Home Arts A cemetery of unrealized architectural projects

A cemetery of unrealized architectural projects

by Maria Bukreev October 27, 2015
A cemetery of unrealized architectural projects

The Montréal Jamais Construit exhibit explores rejected architectural projects

One of the things Montreal is known for is its wide range of architectural styles.

This cardboard model could have become McGill University’s Art Pavilion. Photo by Andrej Ivanov.

This cardboard model could have become McGill University’s Art Pavilion. Photo by Andrej Ivanov.

Indeed, within the same city we can find historic buildings in Old Montreal as well as more contemporary structures downtown. Yet, have you ever wondered what the city would look like if some of the many suggested architectural projects hadn’t been rejected?

Thomas Balaban—a university professor, curator, architect and creator of the multidisciplinary studio TBA—asked himself that question, and decided to let us take a look at what Montreal could have looked like under other circumstances.

Montréal Jamais Construit is an exhibit that offers a unique vision of Montreal by introducing us to 13 major projects planned over the last 25 years that ended up being terminated.

Hosted by the Maison de l’Architecture du Québec—a centre that wishes to promote architecture as art in our society—the exhibit fits in well since it shares the same goals. Balaban, along with his colleagues Jennifer Thorogood, Maxime Lefebvre and Julia Manaças, regret the fact that architecture is taken for granted nowadays and that people don’t admire it for its aesthetic value anymore.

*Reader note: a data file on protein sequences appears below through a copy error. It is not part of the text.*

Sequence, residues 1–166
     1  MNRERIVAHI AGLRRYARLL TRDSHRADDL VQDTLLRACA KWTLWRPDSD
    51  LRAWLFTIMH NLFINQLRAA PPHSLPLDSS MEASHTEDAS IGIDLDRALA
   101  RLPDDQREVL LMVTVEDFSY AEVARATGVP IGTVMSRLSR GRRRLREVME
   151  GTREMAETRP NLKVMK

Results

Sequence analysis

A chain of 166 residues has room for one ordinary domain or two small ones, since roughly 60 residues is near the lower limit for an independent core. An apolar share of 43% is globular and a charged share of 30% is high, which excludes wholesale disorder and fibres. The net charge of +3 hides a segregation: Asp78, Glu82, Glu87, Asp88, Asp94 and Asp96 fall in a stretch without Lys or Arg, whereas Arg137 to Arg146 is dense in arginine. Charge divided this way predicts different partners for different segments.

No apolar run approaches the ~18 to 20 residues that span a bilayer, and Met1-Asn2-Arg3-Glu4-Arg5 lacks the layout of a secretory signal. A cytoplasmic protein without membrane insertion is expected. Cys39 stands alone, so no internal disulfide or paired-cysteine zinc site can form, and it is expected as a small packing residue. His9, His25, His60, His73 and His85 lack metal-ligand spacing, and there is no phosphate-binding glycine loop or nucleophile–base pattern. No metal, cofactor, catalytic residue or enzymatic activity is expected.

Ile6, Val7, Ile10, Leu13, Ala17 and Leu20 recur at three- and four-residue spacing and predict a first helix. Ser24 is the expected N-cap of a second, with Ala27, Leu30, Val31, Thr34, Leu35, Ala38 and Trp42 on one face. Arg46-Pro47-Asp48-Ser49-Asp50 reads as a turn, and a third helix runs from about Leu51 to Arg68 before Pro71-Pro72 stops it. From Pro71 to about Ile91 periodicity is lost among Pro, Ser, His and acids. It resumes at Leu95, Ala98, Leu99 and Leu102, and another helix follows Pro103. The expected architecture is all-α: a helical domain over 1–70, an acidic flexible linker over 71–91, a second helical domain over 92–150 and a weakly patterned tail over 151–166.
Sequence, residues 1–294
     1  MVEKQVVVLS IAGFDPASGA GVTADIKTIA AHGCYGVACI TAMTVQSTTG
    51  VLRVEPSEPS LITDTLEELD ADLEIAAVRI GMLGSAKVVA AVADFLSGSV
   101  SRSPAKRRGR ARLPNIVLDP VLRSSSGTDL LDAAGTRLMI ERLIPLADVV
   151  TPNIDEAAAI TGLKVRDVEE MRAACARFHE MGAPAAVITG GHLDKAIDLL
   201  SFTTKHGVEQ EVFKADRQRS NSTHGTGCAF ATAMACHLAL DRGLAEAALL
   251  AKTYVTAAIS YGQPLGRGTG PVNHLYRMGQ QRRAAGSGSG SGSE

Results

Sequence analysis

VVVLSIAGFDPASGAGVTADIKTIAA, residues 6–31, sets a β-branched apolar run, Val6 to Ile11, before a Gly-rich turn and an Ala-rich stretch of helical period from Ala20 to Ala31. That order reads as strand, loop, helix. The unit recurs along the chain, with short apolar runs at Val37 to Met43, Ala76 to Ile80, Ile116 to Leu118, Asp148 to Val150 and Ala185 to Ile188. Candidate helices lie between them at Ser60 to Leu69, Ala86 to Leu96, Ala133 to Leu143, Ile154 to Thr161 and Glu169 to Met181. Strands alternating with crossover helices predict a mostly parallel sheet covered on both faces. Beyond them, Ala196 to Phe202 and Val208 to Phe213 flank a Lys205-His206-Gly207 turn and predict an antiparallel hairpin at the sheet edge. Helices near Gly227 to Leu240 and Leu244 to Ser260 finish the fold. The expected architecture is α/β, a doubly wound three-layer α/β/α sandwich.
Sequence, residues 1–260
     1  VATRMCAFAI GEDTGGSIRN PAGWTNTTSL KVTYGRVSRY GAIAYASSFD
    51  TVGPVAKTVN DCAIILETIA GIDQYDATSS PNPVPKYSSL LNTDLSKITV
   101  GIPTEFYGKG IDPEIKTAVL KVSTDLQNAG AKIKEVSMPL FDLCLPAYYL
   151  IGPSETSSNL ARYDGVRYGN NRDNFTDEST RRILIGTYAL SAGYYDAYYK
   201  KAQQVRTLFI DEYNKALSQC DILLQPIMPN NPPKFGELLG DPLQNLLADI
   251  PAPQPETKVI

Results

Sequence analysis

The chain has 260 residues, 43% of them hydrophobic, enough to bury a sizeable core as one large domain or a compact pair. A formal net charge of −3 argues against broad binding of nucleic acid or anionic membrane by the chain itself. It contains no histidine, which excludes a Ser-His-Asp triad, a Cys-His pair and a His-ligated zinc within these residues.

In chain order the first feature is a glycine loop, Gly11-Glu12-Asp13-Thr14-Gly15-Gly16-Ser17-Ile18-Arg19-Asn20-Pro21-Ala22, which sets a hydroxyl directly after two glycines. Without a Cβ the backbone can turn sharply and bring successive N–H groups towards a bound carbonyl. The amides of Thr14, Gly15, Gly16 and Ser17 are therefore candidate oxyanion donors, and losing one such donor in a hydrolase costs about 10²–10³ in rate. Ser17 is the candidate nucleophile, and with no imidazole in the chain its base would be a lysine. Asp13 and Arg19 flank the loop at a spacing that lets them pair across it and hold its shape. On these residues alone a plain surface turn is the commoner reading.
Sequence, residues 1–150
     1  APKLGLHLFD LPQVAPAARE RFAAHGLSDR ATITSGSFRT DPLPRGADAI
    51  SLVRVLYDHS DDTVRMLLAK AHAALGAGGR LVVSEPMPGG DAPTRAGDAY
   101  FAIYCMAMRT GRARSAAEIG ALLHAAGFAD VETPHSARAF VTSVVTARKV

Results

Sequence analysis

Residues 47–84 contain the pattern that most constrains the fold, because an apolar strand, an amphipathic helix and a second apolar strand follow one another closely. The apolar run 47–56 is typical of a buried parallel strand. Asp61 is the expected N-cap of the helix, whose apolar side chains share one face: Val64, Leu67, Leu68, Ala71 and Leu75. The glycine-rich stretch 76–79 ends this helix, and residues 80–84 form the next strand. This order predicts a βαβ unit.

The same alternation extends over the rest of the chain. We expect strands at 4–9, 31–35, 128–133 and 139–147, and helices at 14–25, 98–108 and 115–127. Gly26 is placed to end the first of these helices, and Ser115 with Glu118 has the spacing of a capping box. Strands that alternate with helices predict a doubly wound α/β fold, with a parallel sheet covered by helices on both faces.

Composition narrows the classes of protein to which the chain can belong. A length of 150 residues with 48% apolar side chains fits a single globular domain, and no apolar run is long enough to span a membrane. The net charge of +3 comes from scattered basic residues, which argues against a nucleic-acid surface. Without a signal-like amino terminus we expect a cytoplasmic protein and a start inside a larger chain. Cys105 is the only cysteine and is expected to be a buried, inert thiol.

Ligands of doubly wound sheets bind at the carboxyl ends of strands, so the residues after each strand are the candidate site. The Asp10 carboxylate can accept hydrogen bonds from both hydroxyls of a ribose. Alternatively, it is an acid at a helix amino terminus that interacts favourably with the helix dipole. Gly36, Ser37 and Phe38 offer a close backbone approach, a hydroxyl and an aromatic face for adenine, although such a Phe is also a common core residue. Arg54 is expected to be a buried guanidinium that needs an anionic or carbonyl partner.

There is a caption from one of Brandon Stanton’s Humans Of New York portraits that comes to mind. “We’re all victims of the architect. Architecture is the only art that you can’t help but feel. You can avoid paintings, you can avoid music and you can even avoid history. But good luck getting away from architecture.”

This really explains how important architecture is in our lives and that it is impossible to simply ignore it. Montréal Jamais Construit goes further than simply showing us the beauty of the buildings we see everyday. The exhibit includes 13 model structures, sketches and details about a project’s construction next to a recent picture of the space where it was meant to be built. For each project that was dropped there is a note explaining the reason why it was terminated. Although most projects were rejected while they had only been developed on paper, some were already under construction. One such example was a new baseball stadium that was meant to be downtown—it was almost completed when its construction was called off for financial reasons. Other causes for dropping these projects included either political or aesthetic reasons, resulting in an Orchestre symphonique de Montréal building, or a cultural and administrative complex never being built.

Of course, there’s a number of other projects that were cancelled apart from those mentioned at the MAQ, but the 13 projects imagined between 1990 and 2015 that are displayed could have had a major impact on our city—something to which Balaban wished to draw the visitor’s attention. The importance of the exhibit is in that Montreal’s skyline could have drastically changed had these architectural projects come to life. The team behind the exhibit is now considering making a book with more details and more projects in order to raise awareness on the process of creation.

The exhibit runs from Oct. 23 until Feb. 14 at the Maison de l’Architecture du Québec.

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